Wednesday, November 6, 2019

George S. Denison to Salmon P. Chase, February 7, 1863

New Orleans, February 7th, 1863.

Dear Sir: I wrote you by the last steamer expressing a wish to receive the office of “Commissioner of Internal Revenue” which you so kindly offerred. I now repeat the wish, and am ready to commence operations whenever you direct.

The great military movement up the West side of the Mississippi has commenced to-day or will commence in a day or two. The bayous leading from the Teche and near there, lead right through to Red River, so that light draft boats can go through them above Port Hudson. About 9,000 men will advance in one column.

A rumor prevails here among the secessionists that we have been whipped off Mobile and that Ship Island is captured. The story is without foundation, though you may see it in N. Y. papers. A very strong feeling is arising among the planters against Gen. Banks. The reason is that he is not sufficiently pro-slavery to suit them. I think statements have been sent to Washington that he has commenced speculating. I am confident such charges are entirely false. 1 do not think Gen. Banks a great commander, but believe him to be completely honest.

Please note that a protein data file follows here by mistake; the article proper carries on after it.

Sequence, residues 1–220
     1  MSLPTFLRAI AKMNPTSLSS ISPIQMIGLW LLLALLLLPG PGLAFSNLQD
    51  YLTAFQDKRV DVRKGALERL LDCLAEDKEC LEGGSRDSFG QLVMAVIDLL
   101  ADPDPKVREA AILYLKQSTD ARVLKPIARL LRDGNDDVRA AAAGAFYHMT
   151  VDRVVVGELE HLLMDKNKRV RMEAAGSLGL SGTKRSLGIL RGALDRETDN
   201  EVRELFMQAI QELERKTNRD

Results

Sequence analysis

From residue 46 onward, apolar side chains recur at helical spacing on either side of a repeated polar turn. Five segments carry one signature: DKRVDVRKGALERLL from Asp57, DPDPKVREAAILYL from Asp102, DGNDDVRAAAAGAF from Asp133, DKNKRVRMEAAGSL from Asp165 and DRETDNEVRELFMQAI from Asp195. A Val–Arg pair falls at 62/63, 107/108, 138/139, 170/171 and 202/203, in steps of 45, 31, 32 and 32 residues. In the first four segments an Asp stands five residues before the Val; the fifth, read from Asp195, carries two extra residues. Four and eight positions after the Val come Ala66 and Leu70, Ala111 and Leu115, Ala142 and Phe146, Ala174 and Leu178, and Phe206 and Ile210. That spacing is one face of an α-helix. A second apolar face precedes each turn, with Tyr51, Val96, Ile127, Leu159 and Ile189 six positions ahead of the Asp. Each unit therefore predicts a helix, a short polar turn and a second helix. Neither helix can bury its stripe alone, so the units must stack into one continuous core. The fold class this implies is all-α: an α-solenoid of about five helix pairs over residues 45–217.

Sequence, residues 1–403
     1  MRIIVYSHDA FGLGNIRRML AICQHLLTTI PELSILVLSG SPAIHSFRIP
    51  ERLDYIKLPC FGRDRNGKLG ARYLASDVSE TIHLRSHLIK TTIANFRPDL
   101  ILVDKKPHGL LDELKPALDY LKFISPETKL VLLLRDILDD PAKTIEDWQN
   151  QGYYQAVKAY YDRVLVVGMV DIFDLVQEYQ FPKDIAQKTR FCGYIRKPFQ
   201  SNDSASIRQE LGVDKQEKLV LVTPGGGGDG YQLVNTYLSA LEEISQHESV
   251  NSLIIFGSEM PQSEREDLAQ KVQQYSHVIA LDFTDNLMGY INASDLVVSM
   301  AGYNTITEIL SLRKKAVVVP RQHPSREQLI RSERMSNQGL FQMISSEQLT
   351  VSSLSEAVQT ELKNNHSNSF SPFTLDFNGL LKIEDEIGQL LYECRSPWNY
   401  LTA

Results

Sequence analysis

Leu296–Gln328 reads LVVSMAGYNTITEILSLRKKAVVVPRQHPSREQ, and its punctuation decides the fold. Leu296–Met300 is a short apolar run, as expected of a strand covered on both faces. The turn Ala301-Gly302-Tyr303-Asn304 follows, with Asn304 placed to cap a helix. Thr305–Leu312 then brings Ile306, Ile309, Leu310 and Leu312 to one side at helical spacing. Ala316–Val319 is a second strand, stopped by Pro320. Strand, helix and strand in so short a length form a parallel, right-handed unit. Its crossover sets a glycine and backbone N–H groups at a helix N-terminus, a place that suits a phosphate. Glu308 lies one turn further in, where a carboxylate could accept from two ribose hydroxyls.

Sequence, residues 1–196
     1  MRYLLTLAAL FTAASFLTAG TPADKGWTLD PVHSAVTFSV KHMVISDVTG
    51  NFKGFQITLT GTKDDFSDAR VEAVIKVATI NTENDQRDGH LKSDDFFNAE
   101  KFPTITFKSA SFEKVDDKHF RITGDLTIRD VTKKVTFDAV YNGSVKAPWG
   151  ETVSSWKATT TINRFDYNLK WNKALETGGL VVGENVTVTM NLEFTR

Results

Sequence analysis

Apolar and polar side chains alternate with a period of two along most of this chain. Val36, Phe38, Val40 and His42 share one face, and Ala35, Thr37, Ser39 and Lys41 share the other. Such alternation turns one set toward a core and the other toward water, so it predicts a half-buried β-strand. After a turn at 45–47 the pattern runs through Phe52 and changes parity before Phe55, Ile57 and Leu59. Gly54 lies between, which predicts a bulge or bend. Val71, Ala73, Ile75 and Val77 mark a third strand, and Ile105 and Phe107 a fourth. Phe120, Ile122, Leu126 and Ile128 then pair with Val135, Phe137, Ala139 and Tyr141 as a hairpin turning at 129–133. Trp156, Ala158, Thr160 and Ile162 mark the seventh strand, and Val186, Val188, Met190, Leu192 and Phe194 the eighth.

Admiral Farragut has gone out to sea in his flagship, the "Hartford"—probably for the purpose of visiting the various blockading vessels along the coast.

In my next I shall have occasion to say something more about Dr. Zachary.

SOURCE: Diary and correspondence of Salmon P. ChaseAnnual Report of the American Historical Association for the Year 1902, Vol. 2, p. 356-7

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